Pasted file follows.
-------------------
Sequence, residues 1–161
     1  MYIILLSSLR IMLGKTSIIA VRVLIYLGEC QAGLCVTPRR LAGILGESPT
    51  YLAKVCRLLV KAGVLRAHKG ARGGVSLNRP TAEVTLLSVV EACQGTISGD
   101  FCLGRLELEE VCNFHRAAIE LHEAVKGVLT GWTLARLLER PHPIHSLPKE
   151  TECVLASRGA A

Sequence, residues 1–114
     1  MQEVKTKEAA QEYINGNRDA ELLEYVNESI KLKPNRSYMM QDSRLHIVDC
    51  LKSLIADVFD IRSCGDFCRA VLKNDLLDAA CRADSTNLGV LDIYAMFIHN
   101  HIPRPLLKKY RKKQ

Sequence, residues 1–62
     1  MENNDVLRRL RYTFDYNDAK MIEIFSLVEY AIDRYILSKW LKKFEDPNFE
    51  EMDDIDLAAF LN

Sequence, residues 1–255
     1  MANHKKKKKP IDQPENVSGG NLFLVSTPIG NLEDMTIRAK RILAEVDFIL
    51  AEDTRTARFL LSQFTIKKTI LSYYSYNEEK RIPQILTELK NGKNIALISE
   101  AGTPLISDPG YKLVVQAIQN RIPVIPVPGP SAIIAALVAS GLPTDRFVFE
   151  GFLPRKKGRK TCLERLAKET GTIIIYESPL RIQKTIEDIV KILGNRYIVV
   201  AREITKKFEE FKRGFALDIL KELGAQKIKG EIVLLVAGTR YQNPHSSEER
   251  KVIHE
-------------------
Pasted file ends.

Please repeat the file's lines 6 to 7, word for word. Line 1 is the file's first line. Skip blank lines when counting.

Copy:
Sequence, residues 1–114
     1  MQEVKTKEAA QEYINGNRDA ELLEYVNESI KLKPNRSYMM QDSRLHIVDC